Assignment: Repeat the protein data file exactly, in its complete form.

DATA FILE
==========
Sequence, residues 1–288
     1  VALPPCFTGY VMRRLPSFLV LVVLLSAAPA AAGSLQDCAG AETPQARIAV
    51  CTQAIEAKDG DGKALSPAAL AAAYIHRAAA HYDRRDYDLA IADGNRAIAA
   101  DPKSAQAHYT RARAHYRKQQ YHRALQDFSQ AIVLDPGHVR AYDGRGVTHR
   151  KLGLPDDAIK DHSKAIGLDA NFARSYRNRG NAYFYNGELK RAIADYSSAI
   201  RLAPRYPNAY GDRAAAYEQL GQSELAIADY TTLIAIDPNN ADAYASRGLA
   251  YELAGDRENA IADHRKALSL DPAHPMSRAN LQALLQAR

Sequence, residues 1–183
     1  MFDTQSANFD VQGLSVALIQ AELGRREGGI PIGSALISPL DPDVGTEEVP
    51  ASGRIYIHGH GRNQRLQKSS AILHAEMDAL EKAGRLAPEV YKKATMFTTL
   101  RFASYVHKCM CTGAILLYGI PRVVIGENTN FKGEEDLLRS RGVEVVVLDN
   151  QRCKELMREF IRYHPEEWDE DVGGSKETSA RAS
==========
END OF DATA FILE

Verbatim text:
Sequence, residues 1–288
     1  VALPPCFTGY VMRRLPSFLV LVVLLSAAPA AAGSLQDCAG AETPQARIAV
    51  CTQAIEAKDG DGKALSPAAL AAAYIHRAAA HYDRRDYDLA IADGNRAIAA
   101  DPKSAQAHYT RARAHYRKQQ YHRALQDFSQ AIVLDPGHVR AYDGRGVTHR
   151  KLGLPDDAIK DHSKAIGLDA NFARSYRNRG NAYFYNGELK RAIADYSSAI
   201  RLAPRYPNAY GDRAAAYEQL GQSELAIADY TTLIAIDPNN ADAYASRGLA
   251  YELAGDRENA IADHRKALSL DPAHPMSRAN LQALLQAR

Sequence, residues 1–183
     1  MFDTQSANFD VQGLSVALIQ AELGRREGGI PIGSALISPL DPDVGTEEVP
    51  ASGRIYIHGH GRNQRLQKSS AILHAEMDAL EKAGRLAPEV YKKATMFTTL
   101  RFASYVHKCM CTGAILLYGI PRVVIGENTN FKGEEDLLRS RGVEVVVLDN
   151  QRCKELMREF IRYHPEEWDE DVGGSKETSA RAS